Quakers sue state over private prison contracts
PHOENIX -- A Quaker group filed suit Monday to block the state from awarding any more contracts for private prisons, at least for the time being.
The lawsuit points out the Department of Corrections is supposed to award a contract for 5,000 additional private prison beds as early as the end of the week. Four companies have been chosen as finalists.
But attorney Stacey Scheff, representing the Arizona Friends Service Committee, said a 1987 state law requires that agency to first conduct a study to determine if a private firm can provide at least the same quality as the state at a lower cost. Factors that must be studied range from security and inmate programs to health services and food services.
"They've never done a study, they've admitted they've never done a study,' she said. Only now is the state in the process of completing the first one.
"It will be done in January -- four months after they actually award the contract,' she said.
Scheff is asking Maricopa County Superior Court Judge Arthur Anderson to rule that no new contracts can be awarded until the study is done.
An aide to the judge said late Monday he had not yet had a chance to review the filing. Scheff said she is hoping to make her case to him today.
Gubernatorial press aide Matthew Benson said the state will fight the lawsuit.
"There are deadlines in place for the issuance of this contract,' he said, deadlines that were set by the Legislature. "So is the state supposed to ignore THAT law?'
Scheff, in essence, said yes. She said the general law requiring a study -- a law that goes back more than 20 years -- takes precedence.
"We will argue the Legislature shouldn't be allowed to ignore their own laws, especially laws like this that are designed to protect the people of Arizona,' she said. "And if they did do that deliberately, that's another violation.'
The state has had inmates in private prisons for more than a decade. The latest figures from the Department of Corrections show more than 6,400 inmates in private prisons within the state out of a total inmate population of more than 40,000.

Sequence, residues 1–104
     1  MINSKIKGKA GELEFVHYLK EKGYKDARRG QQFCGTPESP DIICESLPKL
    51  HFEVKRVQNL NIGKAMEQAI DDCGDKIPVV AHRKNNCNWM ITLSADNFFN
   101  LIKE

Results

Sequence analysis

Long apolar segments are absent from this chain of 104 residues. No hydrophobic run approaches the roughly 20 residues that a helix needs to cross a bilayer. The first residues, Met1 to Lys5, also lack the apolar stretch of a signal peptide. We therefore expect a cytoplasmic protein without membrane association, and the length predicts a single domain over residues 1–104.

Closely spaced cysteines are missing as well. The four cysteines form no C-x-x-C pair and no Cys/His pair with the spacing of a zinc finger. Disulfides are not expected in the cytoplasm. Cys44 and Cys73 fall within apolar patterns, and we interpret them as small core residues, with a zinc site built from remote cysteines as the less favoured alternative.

There have always been objections to private prisons, many of them over the issue of whether there were the same safeguards both for the inmates and the public.
That all boiled over last year when three violent criminals escaped from a Kingman facility last year after an accomplice threw a wire cutter over the fence. All eventually were recaptured, but not before an Oklahoma couple, kidnapped at a New Mexico rest area, was murdered; several of those involved have been charged in that incident.
A study following that incident found various failures with the operation of the facility by Management and Training Corp. That included a perimeter alarm system that malfunctioned so often that corrections officers routinely ignored it.
But the report said the state's oversight of that facility also fell short, allowing problems to develop.
Benson said the Brewer administration should be given some credit for even conducting the study in the first place, even if it will not be ready for months. He said no such studies were performed when prior governors gave the go-ahead to put inmates in private facilities.
The failure to first conduct the study is only part of the basis for the lawsuit.
Scheff also is representing Joyce and Oralee Clayton Sr., whose son, Oralee Clayton Jr., is an inmate at that same Kingman facility. Scheff said there have been a series of violent racial conflicts at the prison, with the guards at the private facility not properly trained in how to handle such incidents.
The result, said Scheff, is that the couple is in fear for their son's safety.